Brockenhurst - Roydon Woods

Roydon Woods

This walk starts the moment you step off the train at Brockenhurst station. You’ll meet the New Forest’s famous snake-catcher, explore Roydon Woods nature reserve and other forest inclosures. There are lots of steep hills and descents so you’ll get plenty of exercise before you end up back in the village of Brockenhurst for a well-deserved visit to a New Forest pub.


Start your walk at the car park on the southern side of Brockenhurst railway station – there is a footbridge and level crossing should you need to cross the track.

Cross the main A337 to a small path and turn left down Church Lane – there is signpost to St Nicholas’ Parish Church. The gate to the church graveyard is on your left after about 600m.

The graveyard is the location of war graves of 93 New Zealand and 3 Indian troops who died at the nearby military hospital during World War I.

Also buried here is one of the New Forest’s most famous local characters. Henry “Brusher” Mills was a snake-catcher in the forest in the 19th Century. Brusher lived in a hut deep in the forest near Brockenhurst and it’s reckoned he caught 30,000 snakes in his lifetime.

He sold many to London Zoo where they were fed to the birds of prey. Others were boiled up to make adder fat – thought to be a cure for rheumatism. Brusher’s fame spread well beyond the New Forest and Victorian visitors thronged to see him at work and would even buy snake skeletons as souvenirs.

St Nicholas’ is thought to be the oldest remaining church in the forest. It was mentioned in the Doomsday Book, the survey of English land in 1086 which valued the entire village at £4.  An ancient yew tree almost disguises the church tower. The grey tiles on the tower were made of local clay at the Victoria Tilery at nearby Balmers Lawn.

From the church car park, continue to follow Church Lane. When you reach Beech Tree Cottage, 750m from the church, turn left down the narrow signposted bridleway.

Brockenhurst Park is now on your left. Look out for the two parallel rows of trees sweeping through the estate land. The estate was home to the Morant family from the 1760s up to the 1950s. The current estate house was built in 1960, replacing the original 18th Century building.

Eventually you will come to a gate taking you into Roydon Woods, 950 acres of protected woodland which is managed by Hampshire and Isle of Wight Wildlife Trust. As the track narrows, it heads to the right taking you through a tunnel of holly bushes.

At the bottom of the hill, cross a small stream before the pass rises and falls before another steep climb. Half way up the bank you’ll go through a gate with a dedication to the memory of local naturalist Colin Tubbs.

Continue the climb through Roydon Woods past some large oak trees and silver birch trees. As the path levels out you’ll see a crater in the ground to your right which was an old gravel extraction pit. At a crossroads in the bridleway with posts to Brockenhurst and Boldre, continue straight ahead. You’ll soon pass a private gateway for the manor and a cottage called The Lodge.

After you’ve walked the length of a field on your right, you’ll come to two gates on your left, with a Hampshire County Council Right of Way arrow post. Go through both and follow the path. The grand 18th Century Roydon Manor can be seen through the hedge on your left.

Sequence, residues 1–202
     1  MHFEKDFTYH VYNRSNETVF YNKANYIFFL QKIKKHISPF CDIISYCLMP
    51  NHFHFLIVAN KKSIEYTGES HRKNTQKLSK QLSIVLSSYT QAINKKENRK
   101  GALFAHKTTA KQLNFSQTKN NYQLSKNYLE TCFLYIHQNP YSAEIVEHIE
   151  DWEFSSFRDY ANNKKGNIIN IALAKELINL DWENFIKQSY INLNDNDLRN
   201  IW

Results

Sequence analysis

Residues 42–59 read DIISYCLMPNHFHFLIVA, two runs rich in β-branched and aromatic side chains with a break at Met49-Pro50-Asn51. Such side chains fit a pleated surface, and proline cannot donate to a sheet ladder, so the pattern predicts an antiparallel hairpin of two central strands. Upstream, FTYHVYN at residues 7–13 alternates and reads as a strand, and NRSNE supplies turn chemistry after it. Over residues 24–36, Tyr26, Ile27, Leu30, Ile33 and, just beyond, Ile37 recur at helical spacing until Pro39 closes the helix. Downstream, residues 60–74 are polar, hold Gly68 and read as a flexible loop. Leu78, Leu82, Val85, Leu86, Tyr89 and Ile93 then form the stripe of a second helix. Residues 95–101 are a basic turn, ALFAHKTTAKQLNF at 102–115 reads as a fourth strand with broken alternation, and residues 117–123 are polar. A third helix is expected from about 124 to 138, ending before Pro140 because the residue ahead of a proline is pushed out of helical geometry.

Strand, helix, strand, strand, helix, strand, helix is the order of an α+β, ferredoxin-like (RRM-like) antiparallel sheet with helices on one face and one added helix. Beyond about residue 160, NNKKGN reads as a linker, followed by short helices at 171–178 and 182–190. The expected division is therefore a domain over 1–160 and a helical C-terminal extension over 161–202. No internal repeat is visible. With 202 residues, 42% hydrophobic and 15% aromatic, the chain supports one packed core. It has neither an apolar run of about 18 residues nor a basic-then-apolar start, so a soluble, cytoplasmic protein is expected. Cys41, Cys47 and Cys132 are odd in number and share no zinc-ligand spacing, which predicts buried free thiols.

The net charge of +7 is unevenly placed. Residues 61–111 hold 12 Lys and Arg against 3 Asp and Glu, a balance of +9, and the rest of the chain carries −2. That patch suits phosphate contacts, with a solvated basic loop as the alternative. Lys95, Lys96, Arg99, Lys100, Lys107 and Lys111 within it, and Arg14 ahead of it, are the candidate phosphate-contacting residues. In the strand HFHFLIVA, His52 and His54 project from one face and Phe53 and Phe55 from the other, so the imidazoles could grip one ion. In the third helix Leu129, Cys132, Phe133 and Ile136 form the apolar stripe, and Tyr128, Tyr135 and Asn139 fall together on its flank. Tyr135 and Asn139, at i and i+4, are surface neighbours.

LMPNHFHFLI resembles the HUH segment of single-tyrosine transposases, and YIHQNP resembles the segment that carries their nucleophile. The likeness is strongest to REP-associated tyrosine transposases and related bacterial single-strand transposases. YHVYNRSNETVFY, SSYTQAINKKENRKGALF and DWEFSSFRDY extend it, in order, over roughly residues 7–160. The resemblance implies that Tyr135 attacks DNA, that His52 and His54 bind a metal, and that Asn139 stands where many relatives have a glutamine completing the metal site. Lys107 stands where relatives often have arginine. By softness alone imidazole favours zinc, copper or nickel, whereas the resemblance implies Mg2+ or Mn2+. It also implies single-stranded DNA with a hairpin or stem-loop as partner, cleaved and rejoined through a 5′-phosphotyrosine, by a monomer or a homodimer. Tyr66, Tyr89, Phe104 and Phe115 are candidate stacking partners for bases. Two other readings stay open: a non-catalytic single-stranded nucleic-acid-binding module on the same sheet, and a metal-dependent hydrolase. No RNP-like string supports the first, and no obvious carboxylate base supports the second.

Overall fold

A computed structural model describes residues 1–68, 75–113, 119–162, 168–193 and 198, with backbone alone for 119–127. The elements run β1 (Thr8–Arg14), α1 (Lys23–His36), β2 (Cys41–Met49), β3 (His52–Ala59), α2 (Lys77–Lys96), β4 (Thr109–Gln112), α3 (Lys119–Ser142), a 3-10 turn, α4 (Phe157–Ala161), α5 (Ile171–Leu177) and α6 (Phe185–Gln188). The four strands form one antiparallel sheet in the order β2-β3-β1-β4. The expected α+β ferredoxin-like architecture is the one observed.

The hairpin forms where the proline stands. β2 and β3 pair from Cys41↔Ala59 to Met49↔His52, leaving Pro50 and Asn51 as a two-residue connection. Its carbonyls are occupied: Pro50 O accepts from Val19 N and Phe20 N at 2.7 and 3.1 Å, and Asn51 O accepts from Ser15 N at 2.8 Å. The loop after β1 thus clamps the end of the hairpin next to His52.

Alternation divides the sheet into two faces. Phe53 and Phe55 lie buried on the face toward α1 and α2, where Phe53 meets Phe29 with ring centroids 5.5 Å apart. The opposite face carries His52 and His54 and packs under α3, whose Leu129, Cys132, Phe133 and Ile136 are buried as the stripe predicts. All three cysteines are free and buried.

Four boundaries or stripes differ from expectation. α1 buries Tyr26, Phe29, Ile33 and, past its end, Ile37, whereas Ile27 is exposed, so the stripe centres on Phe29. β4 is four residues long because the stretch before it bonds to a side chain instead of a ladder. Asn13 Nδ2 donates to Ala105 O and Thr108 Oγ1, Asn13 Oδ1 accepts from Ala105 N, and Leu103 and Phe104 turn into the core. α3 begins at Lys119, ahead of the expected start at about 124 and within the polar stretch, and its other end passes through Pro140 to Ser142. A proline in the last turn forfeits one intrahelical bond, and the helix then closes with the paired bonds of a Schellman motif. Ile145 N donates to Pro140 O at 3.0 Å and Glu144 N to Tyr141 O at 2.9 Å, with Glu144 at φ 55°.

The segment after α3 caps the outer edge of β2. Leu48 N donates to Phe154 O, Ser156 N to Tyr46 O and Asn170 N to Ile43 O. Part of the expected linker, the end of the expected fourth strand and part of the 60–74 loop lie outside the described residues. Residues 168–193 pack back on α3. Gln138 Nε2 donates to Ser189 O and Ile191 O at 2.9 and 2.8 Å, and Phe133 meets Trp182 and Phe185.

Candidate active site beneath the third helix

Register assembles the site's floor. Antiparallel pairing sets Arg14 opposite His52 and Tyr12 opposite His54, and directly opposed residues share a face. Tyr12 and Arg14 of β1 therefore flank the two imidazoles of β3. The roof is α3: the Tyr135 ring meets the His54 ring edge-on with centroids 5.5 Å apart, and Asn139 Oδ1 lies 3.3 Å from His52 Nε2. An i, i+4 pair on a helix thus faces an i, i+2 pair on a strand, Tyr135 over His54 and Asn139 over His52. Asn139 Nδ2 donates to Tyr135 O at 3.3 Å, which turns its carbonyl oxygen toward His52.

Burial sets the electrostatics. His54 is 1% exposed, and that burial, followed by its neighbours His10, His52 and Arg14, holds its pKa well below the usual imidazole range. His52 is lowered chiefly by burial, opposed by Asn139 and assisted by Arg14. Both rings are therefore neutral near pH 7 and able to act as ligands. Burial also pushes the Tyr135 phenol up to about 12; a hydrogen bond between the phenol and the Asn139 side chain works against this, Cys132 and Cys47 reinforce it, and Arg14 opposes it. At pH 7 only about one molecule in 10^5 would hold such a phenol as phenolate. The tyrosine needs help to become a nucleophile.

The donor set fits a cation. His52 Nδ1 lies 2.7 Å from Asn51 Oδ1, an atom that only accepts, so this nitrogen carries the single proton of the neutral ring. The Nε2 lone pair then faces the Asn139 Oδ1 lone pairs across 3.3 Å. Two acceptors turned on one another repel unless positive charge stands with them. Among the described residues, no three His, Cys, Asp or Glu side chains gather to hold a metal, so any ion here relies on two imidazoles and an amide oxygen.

The path drops down to a ford at the Lymington River. There’s no need to get your feet wet as there is a small footbridge.

Head up the hill through the woodland on a gravel path past a gate marked ‘private’ on the right. Continue straight ahead at the T juction with Newlands Copse on your left, following the sign for Dilton.

After a distance of about 1km from the river, you’ll come to the gate marking the end of Roydon Woods, follow the farm track. This 500m of track can be muddy and churned up after wet weather. Just before the first farm building, take the path to the left along the side of a large metal barn structure.

The path dips into some woodland and crosses a small stream before ascending onto Dilton Common. The narrow path takes a sharp turn to the right, then again to the left. Eventually, after passing some farm buildings on your left, you’ll come out a stretch of concrete road.

This is the edge of the Beaulieu Airfield – one of 12 around the New Forest which were built during World War 2. The remains of some of the mess buildings can be seen at the edge of the fields over the gate.

Turn right at the gate and shortly afterwords follow the left fork in the path in to Roundhill camping and caravan site. When you reach the site entrance, walk up the entrance road and cross the B3055 Beaulieu Road.

Go down the path immediately opposite the entrance road to the campsite. This takes you in to New Copse Inclosure. Follow the path as it curves round to the right and reaches New Copse Cottage shortly before the railway line.

Cross the railway line and take the next gravel path on the left. Continue on the New Forest cycle network path until you reach Standing Hat. Leave the inclosure and follow the straight path across Balmer Lawn which eventually comes out at the A337 which takes you the short distance back to Brockenhurst train station.

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Walk Information

Starting Points

  • Brockenhurst Station

Public Transport

Food and Drink

  • The Huntsman, Brockenhurst
  • Sett, Brockenhurst
  • The Snake Catcher, Brockenhurst

Mainly gravel paths which are generally passable. The farm track before Dilton Farm can be muddy in wet conditions.

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